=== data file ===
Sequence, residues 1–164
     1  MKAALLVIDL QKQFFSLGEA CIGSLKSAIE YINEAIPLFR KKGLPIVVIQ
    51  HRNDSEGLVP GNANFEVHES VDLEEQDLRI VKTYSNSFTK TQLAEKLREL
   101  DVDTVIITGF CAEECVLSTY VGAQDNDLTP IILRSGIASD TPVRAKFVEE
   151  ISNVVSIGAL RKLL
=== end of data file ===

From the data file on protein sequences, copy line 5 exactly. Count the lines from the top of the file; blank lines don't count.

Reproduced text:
   151  ISNVVSIGAL RKLL